"No, no! I swear, I swear by the Styx that I—" He faltered. He didn't remember ravishing the nymph. If he had done so, but didn't remember doing it, would the Stygian vow hurl him into a year-long spell of madness anyway? He didn't know and couldn't finish the oath.

"I, Zeus, god of all gods, banish you, Apollo, to Earth, to live one year as a mortal slave! This I decree, this I proclaim. This shall be so as I have spoken."

A bright flash of lightning and a deep rumbling of thunder rent the heavens and Apollo felt himself falling fast through the mist, the sweet aether of Olympus rushing past his ears. Then he felt and breathed the thicker air of Earth, the scent of fresh-turned soil and flowers and greenery and the heavy musky scent of mortals.

Down he fell...


The traveling wagon ground to a halt and Zeleia, awakened from a restless sleep, tumbled to the floor amid pottery, waterskins, and pillows. She cried out once as the last rocky pitches of the wagon settled, and her hand automatically felt for the necklace around her throat. Satisfied the chain was secure, she brushed back long strands of dark hair that had come loose from its braid.

Her cousin Princess Canace began a keen wail not unlike that of a wounded fawn. Canace's handmaiden Bia, eyes wide with fright, scrambled to her mistress' side. She dutifully murmured soothing words in a tongue Zeleia had never heard before.

Zeleia laid a hand on Canace's arm. "Cousin, are you all right?"

Wild-eyed, Canace struck Zeleia's hand away. She pushed at the blond ringlets that had fallen into disarray around her face and cried out, "We've been attacked! We'll be robbed! O Zeus save us, we'll be killed!"

Zeleia stood and adjusted the clasps at her shoulders and the folds of her long-skirted chiton. She glanced at Bia. "Try to calm her and I'll see what has happened."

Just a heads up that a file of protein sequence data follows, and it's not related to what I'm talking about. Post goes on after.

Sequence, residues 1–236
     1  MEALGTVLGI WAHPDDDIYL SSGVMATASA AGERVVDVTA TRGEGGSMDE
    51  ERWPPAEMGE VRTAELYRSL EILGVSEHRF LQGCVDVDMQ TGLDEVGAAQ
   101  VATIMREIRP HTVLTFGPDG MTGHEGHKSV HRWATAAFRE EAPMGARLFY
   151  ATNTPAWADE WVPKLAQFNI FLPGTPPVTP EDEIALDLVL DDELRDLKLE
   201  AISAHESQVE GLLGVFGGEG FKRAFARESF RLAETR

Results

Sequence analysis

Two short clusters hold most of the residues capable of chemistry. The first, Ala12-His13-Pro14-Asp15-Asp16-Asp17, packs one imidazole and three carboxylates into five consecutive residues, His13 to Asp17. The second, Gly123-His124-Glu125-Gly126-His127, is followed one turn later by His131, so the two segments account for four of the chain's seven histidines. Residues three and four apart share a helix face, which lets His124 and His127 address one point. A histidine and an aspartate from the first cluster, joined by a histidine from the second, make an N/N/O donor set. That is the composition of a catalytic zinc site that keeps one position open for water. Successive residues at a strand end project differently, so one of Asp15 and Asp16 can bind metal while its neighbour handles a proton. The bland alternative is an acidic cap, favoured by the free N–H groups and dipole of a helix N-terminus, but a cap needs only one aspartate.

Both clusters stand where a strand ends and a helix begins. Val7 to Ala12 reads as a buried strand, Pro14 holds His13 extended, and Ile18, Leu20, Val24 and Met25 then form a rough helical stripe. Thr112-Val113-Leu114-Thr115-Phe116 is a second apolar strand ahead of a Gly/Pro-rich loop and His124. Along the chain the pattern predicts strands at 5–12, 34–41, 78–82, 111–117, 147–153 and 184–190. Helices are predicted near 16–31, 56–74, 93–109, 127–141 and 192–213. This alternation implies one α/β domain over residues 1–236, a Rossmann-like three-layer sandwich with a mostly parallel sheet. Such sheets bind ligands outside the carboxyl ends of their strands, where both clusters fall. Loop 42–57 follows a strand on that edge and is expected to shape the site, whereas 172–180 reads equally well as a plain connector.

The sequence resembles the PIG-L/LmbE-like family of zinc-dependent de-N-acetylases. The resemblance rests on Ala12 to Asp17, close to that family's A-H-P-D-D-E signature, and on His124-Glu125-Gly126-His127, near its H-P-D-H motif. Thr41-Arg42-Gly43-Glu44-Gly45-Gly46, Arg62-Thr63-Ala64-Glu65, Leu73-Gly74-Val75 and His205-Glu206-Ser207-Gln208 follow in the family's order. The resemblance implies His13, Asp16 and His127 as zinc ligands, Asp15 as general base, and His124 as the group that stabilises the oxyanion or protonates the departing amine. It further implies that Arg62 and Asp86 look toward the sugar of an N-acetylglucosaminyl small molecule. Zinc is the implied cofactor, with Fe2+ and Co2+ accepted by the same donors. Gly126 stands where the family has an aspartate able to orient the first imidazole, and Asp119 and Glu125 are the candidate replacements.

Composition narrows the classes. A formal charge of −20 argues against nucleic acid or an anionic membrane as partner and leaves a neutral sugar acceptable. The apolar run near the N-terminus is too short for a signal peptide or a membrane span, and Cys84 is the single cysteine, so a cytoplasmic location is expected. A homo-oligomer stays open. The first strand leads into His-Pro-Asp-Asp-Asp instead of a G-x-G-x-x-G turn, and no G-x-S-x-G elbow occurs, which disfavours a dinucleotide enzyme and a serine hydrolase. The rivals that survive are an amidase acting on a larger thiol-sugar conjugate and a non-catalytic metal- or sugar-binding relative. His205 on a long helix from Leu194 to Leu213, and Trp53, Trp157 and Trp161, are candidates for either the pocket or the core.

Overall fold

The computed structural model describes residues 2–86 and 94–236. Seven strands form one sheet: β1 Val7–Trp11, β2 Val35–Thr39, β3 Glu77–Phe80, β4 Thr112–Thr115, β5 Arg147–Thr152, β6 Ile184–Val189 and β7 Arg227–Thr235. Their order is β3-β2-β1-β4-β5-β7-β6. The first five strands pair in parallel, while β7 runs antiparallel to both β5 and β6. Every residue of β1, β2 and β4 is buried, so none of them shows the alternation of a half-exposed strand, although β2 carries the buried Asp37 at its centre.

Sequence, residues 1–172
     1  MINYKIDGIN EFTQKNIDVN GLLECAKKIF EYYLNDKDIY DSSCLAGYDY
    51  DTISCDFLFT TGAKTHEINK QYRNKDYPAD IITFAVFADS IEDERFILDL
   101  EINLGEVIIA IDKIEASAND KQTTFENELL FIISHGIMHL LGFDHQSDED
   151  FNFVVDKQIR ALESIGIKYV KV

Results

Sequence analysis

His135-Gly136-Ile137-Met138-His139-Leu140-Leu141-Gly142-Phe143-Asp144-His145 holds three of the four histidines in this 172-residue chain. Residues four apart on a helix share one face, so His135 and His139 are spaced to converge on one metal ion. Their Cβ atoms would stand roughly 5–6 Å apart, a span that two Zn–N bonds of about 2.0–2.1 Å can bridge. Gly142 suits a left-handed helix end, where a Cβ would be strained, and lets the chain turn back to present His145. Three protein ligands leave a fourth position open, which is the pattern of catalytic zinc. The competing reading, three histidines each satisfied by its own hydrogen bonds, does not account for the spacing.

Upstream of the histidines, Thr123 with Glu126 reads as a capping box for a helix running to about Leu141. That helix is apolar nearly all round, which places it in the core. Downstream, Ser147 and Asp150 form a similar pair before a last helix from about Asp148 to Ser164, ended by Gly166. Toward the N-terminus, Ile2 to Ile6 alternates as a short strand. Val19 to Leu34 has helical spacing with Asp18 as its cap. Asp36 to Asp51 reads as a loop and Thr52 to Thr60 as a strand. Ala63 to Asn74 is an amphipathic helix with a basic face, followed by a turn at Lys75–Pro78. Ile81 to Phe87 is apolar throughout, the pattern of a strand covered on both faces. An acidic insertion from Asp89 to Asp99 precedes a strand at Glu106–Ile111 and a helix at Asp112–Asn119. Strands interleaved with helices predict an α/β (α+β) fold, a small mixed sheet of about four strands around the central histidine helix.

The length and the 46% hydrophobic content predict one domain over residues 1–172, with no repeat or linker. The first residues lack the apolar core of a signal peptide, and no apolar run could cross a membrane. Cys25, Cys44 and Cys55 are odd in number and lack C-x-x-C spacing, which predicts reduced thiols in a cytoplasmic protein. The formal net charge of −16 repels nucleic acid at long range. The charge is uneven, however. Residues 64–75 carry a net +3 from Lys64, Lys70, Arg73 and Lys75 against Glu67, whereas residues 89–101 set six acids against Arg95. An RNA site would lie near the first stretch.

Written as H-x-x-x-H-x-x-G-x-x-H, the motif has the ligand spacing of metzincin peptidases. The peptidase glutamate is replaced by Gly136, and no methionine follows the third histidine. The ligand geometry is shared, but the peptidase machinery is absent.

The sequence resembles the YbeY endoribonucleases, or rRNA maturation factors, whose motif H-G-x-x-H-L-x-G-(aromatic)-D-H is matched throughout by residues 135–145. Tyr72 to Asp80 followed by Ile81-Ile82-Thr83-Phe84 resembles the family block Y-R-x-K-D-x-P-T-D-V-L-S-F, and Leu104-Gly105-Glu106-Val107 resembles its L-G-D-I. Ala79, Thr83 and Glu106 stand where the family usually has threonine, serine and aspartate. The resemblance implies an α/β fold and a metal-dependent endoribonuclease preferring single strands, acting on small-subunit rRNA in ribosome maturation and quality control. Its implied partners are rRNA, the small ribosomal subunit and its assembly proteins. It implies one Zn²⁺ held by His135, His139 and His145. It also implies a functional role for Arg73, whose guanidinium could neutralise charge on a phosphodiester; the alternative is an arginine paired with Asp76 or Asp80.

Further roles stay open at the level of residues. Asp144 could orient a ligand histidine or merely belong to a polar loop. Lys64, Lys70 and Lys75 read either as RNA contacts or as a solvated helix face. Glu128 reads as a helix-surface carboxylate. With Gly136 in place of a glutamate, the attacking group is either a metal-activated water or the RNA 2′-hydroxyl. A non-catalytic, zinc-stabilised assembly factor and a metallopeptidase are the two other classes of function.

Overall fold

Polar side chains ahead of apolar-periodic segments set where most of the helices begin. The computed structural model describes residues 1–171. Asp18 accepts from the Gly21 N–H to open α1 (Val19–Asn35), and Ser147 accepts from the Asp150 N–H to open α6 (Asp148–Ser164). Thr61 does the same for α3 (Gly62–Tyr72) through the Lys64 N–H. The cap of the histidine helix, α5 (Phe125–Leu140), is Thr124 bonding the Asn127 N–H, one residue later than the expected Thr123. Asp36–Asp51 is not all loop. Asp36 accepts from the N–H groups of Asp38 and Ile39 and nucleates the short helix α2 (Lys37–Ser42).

Over the wails of her cousin, Zeleia could hear the stamps and snorts of nervous horses. The king's soldiers who served as their guards called to one another, but none spoke of an attack or danger. Pushing aside the drapery, closed against the heat of the day, Zeleia leaned over the side.

She caught her breath as she stared down the sheer side of the mountain, the wagon wheels not a handsbreadth from the edge. Dizziness swept over her and she withdrew. She moved to the other side and parted the drapery. Here the mountainside rose out of sight toward the sky.

She leaned out further and saw a large herd of goats crossing the road ahead. In the middle of the road, an elderly man, his himation wrapped to cowl his head, leaned on a crooked staff.

"A herd of goats," Zeleia called out to her cousin.

"A herd of what?" Canace shrieked and crawled up beside Zeleia. "Toxeus, get them out of the way! Whip him until he gets those filthy beasts off the road!"

The soldier Toxeus lifted his whip and spun his horse toward the old goatherd.

"Canace, stop him," Zeleia cried out. "The herd will move more quickly without the noise and confusion."

Canace's green eyes turned as hard as jade. "There must be no more delays. I'm tired of this dusty, dirty journey, and I want to go home."

"But Canace—"

"Get them out of the way now!" Canace screamed at the soldiers again. "Whip them all!"

Toxeus reached the goatherd and drew back his whip. He shouted again, and the old man spoke, but Zeleia could not hear the reply. Snarling, Toxeus cracked the whip over the goatherd's back.

"No!" Zeleia gathered her long skirts and clambered over the side. There was barely enough room for her between the wagon and the cliff. As she emerged from the narrow space, the whip cracked a second time, and Zeleia broke into a run. Before he could use the whip again, Zeleia caught the braided leather with both hands and pulled as hard as she could.

Caught unaware, Toxeus let the haft slide through his fingers. As he tried to regain the weapon he dropped the reins. The powerful horse reared, pawing the air, but Toxeus recovered control of his mount with the skill of a Scythian.

"Enough!" Zeleia threw the whip down.

Toxeus glared at her, burning hatred flashing in his dark eyes, and his swarthy face flushed. She knew he wanted to grab the whip and use it on her. She stared back at him and wondered why he didn't.

Zeleia's breath caught short when the answer came to her: she was the niece of his king! No longer was she the foundling daughter of simple hunters. Her father Cilix, although he'd chosen the life of a seafarer, was no less a prince for the choice. Royal blood flowed through her veins, as royal as her cousin's.